A senior-level delegation from the United Nations Framework Convention on Climate Change (UNFCCC) secretariat is in Israel this week to review the data in Israel’s Second Biennial Update Report (BUR), confirm its accuracy and recommend the next steps for tracking the country’s climate mitigation efforts.
An 86-page report, submitted this February, discussed Israel’s climate policies and their compliance with the country’s greenhouse gas emissions goals. It was submitted to the United Nations in the framework of the 2015 Paris Agreement.
“As part of the Paris Agreement, a transparency mechanism was established that requires countries to report on the implementation of actions in their national plans to verify that they meet their obligations,” explained Dr. Gil Proaktor, senior manager of the Climate Mitigation Division at the Environmental Protection Ministry. “Developed member states are required to submit the BUR once every two years and undergo peer reviews.
“This is a very serious issue at the heart of all the climate change agreements – to enhance transparency and increase the level of detail included when countries report their progress.”
He said that many developing countries have also started submitting these reports, and he envisions that within the next 10 years, the requirement will apply to all member states.
The delegation arrived on May 14 and will stay until May 18. It includes experts with international experience in the technical analysis of these climate reports and expertise in assisting governments in improving their national monitoring and control processes. During the visit, the team will hold professional discussions on the report’s content and meetings with Israeli experts to examine the information so that adjustments can be made ahead of COP28 in November-December.
Israel will be charged with presenting the report at the UN climate summit and discussing how the country plans to implement any recommendations the experts made. The recommendations should include steps for enhancing Israel’s mitigation efforts and measurement, reporting and verification (MRV) systems.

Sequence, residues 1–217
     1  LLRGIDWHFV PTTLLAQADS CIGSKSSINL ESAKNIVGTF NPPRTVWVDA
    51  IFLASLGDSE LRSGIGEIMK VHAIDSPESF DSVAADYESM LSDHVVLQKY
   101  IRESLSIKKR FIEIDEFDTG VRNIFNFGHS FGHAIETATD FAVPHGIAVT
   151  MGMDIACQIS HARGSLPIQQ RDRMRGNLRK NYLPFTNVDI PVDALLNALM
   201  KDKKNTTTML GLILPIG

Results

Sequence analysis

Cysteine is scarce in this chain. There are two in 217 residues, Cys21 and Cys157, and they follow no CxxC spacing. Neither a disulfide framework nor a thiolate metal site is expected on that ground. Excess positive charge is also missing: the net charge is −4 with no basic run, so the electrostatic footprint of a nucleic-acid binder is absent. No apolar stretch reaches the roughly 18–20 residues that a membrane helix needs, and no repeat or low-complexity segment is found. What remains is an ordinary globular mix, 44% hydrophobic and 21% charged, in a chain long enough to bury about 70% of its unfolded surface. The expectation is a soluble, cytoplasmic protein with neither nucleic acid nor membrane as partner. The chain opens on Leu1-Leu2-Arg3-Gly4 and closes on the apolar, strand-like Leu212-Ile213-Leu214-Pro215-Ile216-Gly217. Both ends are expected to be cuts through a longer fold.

“The Environmental Protection Ministry established a national MRV center in our climate change division in 2016,” Proaktor said. “We reported only a couple of weeks ago that we will not meet our [Paris Agreement] targets without significant efforts, such as passing a climate law, implementing a carbon tax and establishing a five-year budget plan for implementation.”
How is Israel doing in the fight against climate change
According to the ministry report, Israel is likely to reach only a 12% reduction in greenhouse gas emissions compared to 2015 by 2030, despite committing to the UN to cut gases by 27%. Moreover, the report highlighted that only at the end of 2022 did Israel reach about 10% electricity generation from renewable energy – two years later than planned. The goal is to produce 20% of electricity from renewable energies by 2023 and 30% by 2025.
February’s BUR showed that total water consumption in Israel increased by 16% between 2000 and 2019 due to the country’s high population growth. Israel’s annual population growth rate is 1.95% – one of the highest among OECD countries.
It also noted that the primary energy supply decreased by 3.2% from 2019 to 2020 due to the COVID-19 pandemic. However, in general, electricity consumption in Israel continues to increase at an annual growth rate of 3.3%.
According to the BUR, there has been an increase in mean annual temperatures since the 1990s, with 2010-2019 being the hottest years since 1951 and 2018 and 2019 among the seven hottest years on record.
“This is a very serious issue. No one is going to wait until 2030 to see if Israel or any other country will not meet their targets,” Proaktor said. “There are intensive discussions with the UNFCCC to see how countries can be pressed to increase transparency and meet their state’s targets.
“There is going to be a lot of pressure on developed and developing countries” to meet their goals, he said. “If you look at Israel, we are not in a good place.”
Proaktor said that Israel is “way behind the European Union” concerning the level of commitment made by the government toward mitigating environmental damage and Israel is behind nearly all OECD countries.
Israel is one of the only developed countries that have yet to pass a climate law. The most updated climate bill is now in discussion, but Proaktor said he expects it will take at least several more weeks before it could come before the Knesset and potentially pass.
“We believe that, without a climate law, the gaps will widen, and no increased priority will be given to tackling climate change,” Proaktor said.
He noted that the ministry expects sweeping global changes to take place within the next few years, which will make it even more pressing for Israel to meet its emissions targets, like the EU’s Carbon Border Adjustment Mechanism.
This is meant to “put a fair price on the carbon emitted during the production of carbon-intensive goods that are entering the EU and to encourage cleaner industrial production in non-EU countries,” according to the EU.
“I think that countries that do not act now will stay behind,” Proaktor stressed. “Israel must double and triple its efforts to close the climate gaps to maintain a competitive economy.”